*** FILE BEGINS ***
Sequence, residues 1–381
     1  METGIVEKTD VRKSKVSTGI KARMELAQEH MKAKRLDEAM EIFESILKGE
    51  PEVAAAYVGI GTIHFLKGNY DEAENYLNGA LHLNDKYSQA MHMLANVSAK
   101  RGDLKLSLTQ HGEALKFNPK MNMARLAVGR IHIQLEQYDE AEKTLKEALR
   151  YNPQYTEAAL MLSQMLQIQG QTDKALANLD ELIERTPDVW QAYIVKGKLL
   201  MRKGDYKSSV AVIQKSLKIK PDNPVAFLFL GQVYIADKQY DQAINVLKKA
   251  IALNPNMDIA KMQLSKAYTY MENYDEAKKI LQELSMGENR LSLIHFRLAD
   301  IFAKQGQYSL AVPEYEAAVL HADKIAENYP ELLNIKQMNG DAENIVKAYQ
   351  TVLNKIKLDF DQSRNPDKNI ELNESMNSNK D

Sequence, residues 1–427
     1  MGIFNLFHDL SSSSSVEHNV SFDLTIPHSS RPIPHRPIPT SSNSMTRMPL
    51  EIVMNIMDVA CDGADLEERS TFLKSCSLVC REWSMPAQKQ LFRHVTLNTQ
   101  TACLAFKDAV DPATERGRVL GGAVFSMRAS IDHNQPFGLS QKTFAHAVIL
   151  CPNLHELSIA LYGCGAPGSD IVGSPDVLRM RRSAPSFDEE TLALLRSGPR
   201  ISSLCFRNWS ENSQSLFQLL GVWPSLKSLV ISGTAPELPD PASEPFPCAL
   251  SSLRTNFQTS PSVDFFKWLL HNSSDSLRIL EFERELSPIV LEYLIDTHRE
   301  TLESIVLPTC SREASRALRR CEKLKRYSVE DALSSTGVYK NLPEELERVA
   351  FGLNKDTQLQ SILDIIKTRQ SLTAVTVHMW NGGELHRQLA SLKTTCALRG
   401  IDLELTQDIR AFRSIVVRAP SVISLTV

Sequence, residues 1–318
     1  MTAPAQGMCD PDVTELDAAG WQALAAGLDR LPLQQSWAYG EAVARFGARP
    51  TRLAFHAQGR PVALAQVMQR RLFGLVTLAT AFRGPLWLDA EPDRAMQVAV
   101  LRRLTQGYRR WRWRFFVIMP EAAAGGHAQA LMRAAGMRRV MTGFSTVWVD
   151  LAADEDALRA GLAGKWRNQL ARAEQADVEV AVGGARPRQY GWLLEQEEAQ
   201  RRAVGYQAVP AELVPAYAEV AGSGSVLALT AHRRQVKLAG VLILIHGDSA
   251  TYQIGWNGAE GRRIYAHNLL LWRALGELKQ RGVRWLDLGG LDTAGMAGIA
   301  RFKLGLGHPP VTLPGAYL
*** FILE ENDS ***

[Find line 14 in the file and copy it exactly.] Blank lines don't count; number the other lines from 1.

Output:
   151  CPNLHELSIA LYGCGAPGSD IVGSPDVLRM RRSAPSFDEE TLALLRSGPR